I can't say enough how easy these are!!!! Hoping that you think so too when you view this tutorial! I am thinking of making holiday sets. Make a set and tie up with a ribbon. Voile! A hand made gift that keeps on giving!
For this project, I had a bunch of scrap pieces of fabric from my window treatments, birdhouse quilt, and pillow in my studio.
Walking Foot preferred
Iron & Ironing Board
Scissors or Rotary Cutter
4 1/2 square ruler (optional)
4 1/2 inches x 10 inches piece of fabric for each coaster
Cotton thread that blends with the fabrics
Step One: Cut fabric. Each coaster should be 4 1/2 inches x 10 inch pieces.
Step Two: Cut Batting. Each coaster needs a 4 inch square of batting.
Step Two: Fold the fabric in half, right sides together to form a 4 1/2 inch x 5 inch rectangle.
Step Three: Sew the 5 inch sides, so you have an opening at the end of the rectangle.
Step Four: Trim corners, and turn the fabric right side out.
Step Five: Tuck the batting in between the two layers. The first time was a bit tricky, but since I used a low-loft batting, so it seemed to lay flat easily. Each time I did another, it became easier and easier!
Step Six: Fold the coaster's open ends in. Make sure that your coaster is 4 inches square. Iron the end to keep the end secure.
Step Seven: Pin the end.
Step Eight: Attach your walking foot on to your machine if you have one. A normal foot is possible, but be prepared for possible snagging in your bobbin area because of the layers.
Step Nine: Start sewing at the pressed/pinned open edge of the coaster. Start at approximately 1/8 inch from the edge. Make sure you backstitch to secure your work!
Step Ten: Sew to the bottom edge of the coaster and stop approximately 1/8 inch from the edge.
Step Eleven: Make sure your you put your needle in the down position. I am lucky to have the ability to preset my machine to always stop at a needle down position. *If you don't have this option, hand turn your needle to secure the needle in the down position.
Step Twelve: Lift the presser foot and make a 90 degree turn. Lower the presser foot and continue sewing 1/8 inch away from the edge until you reach the next edge. Again, stop approximately 1/8 inch away from the edge.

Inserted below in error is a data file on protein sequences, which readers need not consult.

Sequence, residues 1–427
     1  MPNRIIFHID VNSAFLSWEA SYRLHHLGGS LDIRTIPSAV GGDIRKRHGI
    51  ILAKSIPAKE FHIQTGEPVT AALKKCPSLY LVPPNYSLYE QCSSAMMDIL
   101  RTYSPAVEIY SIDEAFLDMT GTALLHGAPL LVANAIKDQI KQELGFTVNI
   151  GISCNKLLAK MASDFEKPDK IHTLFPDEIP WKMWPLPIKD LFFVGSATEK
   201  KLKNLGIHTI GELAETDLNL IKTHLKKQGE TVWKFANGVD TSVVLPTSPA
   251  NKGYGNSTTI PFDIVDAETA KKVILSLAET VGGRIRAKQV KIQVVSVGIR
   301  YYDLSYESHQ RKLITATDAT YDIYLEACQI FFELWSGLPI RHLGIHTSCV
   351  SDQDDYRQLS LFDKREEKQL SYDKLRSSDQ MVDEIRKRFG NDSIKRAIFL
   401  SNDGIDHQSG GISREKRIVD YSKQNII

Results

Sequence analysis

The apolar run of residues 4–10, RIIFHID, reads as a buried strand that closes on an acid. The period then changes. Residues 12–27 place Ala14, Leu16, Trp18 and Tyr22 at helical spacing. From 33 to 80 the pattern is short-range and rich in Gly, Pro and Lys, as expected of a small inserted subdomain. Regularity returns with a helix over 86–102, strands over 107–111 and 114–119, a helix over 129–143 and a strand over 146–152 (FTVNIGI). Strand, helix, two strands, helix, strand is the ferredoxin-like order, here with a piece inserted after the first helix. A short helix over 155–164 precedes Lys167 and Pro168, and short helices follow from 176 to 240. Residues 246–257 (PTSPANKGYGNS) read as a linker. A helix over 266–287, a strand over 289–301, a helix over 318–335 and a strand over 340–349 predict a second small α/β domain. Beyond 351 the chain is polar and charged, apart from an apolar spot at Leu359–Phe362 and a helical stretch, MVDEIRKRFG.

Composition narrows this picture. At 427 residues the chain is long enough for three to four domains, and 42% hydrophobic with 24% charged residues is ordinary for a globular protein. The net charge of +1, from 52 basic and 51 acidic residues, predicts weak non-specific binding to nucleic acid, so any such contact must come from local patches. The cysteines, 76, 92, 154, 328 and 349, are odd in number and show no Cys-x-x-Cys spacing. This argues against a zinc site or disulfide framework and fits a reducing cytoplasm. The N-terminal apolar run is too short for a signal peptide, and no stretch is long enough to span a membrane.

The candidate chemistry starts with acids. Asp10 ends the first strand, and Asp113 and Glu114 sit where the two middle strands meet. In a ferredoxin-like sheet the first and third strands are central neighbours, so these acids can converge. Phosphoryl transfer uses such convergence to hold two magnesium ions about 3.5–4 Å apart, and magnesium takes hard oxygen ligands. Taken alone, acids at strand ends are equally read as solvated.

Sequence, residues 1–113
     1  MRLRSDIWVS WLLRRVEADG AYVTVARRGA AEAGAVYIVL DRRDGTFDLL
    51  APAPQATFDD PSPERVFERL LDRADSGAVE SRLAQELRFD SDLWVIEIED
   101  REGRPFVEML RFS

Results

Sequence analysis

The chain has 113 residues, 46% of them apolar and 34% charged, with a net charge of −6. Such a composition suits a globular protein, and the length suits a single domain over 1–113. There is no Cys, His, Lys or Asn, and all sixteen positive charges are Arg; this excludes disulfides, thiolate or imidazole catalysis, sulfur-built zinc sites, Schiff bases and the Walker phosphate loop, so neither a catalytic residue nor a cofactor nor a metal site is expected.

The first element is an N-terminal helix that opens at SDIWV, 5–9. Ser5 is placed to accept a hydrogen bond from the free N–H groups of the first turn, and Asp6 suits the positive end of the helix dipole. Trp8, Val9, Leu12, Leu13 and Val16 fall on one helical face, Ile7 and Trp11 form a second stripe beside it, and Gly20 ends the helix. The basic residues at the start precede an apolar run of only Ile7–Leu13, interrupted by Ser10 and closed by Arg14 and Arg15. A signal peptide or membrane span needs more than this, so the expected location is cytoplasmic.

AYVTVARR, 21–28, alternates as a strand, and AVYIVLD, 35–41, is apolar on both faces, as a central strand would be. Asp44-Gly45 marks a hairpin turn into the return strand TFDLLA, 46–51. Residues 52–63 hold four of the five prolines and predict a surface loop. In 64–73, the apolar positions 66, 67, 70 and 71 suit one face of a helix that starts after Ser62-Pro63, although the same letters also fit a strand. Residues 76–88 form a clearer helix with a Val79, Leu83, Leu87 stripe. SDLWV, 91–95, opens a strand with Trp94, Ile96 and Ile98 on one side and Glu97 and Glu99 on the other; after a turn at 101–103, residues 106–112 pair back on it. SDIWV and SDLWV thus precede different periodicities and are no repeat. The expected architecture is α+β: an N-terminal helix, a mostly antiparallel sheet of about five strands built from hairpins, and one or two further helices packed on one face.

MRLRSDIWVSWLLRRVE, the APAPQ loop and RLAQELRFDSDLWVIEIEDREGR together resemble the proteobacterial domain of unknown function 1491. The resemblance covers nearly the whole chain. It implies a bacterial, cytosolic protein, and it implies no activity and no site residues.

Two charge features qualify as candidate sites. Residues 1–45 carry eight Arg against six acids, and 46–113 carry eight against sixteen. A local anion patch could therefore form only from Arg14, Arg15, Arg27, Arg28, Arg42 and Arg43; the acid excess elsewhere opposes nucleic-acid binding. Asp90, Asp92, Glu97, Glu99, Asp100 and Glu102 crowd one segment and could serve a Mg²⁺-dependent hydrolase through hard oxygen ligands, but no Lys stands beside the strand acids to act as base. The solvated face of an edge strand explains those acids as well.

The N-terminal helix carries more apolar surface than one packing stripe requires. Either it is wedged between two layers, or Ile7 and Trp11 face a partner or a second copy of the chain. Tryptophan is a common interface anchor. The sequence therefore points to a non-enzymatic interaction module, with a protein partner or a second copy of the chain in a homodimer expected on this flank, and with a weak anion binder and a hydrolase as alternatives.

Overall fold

Step Thirteen: Again, keep the needle down, lift the presser foot, and turn your coaster 90 degrees. When you reach a point where you are meeting previous stitching, keep your next sewing line 1/8 inch from the sewing line next to it. (see whre my finger is pointing?)
You will continue this procedure until you have made concentric rectangle/squares to the center. Make sure complete with a backstitch to secure your quilting! I don't know if you can see my thread well, but I am surprised how nice and flat the coasters out. I have no worries that my glass might spill over from the coaster being too fluffy.
Double sided: I had some extra fabric, but not enough to make up for the length of 10 inches I needed. I took two squares of 4 1/2 x 5 inches and sewed the two pieced fabrics to make a 4 1/2 inch x 10 inch strip. When I folded it, I made sure that it was on the seam line where the two fabrics met. Now I have a coaster that can be either fabric, depending on my mood!
Gift ideas: I am thinking all of that holiday fabric I have been collecting over the years could make a nice set. I love decorating for all the different holidays, but don't like to overdo. I think these are a subtle way to have Easter, Fourth of July, Halloween, Thanskgiving, and Christmas make there way on our coffee tables!!